Sunday, 9 December 2007

The Ball Is Round - A Global History of Football. By Andrew Goldblatt

This is about as comprehensive a history of football that I've read. It's a touch scholarly in tone - but that's ok because each page usually has one or two football facts that fire the imagination and thrill to the core if, like me, you are moved by such things.

Read this and that part of your brain that deals with football will become engorged with football facts and will grow distended and you will have to buy a new hat or perhaps even a mortar board for your misshapen head - (if your hat is a baseball cap then you have no need to worry - just stick to whatever Premiership player's biog. is coming next and your head, and all that there in is, will stay exactly the same.)

It is a very very good book.

We Don't Know What We Are Doing. - Adrian Chiles

Imagine a middle aged man sitting in the Hawthorns on a Saturday afternoon in February, and there under a low, cold, grey sky this man, whilst watching his team putting in a mediocre performance, finds himself quietly gripped by a mild existential crisis.

"Why Am I Doing This?" he asks himself.

And his answer is ... Well I'm not sure really - but the book Adrian Chiles wrote to try to answer his own question is highly entertaining.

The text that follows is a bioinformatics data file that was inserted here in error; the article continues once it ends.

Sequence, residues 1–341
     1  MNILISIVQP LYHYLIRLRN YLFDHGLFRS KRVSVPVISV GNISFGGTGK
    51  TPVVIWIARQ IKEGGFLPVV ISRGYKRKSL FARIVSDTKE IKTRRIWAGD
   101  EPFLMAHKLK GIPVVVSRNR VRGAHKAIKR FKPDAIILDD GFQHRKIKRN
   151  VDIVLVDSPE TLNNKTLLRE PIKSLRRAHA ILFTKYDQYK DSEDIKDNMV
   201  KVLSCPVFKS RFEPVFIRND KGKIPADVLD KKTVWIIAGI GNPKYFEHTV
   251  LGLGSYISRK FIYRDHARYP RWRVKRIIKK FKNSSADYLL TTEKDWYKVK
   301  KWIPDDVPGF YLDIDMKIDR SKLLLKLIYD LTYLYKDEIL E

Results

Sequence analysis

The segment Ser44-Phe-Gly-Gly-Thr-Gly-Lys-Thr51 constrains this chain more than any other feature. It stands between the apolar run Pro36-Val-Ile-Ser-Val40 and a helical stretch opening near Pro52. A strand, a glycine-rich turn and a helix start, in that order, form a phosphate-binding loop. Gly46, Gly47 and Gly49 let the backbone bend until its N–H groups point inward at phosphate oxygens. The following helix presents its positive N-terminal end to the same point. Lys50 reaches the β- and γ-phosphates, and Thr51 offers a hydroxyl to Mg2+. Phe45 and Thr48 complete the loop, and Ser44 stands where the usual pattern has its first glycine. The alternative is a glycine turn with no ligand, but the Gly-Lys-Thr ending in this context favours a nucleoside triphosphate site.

It is also incredibly dour. How a book about football in the 21st Century can include a reference to German civilians drowning in the Baltic as they fled the Soviets I'm not sure. Read the book and you'll see how Chiles manages to include such a bleak detour - one of many in a book about football which of course is essentially a leisure activity.

For me the most memorable image from the book comes from his description of his watching West Brom. fall to another painful defeat on a TV in the Match of the Day office in the BBC Studios on a Sunday afternoon. It's strange to think that I was probably at home - reading the Sunday papers and idly wondering whether I could be bothered with watching Man City or whoever on MOTD2 that night - and as I was thinking this - the show's host was tucked away in an office in West London slowly falling out of love with life.

'Tis a good book - and I don't think you really need to be a West Brom fan to get a lot out of it.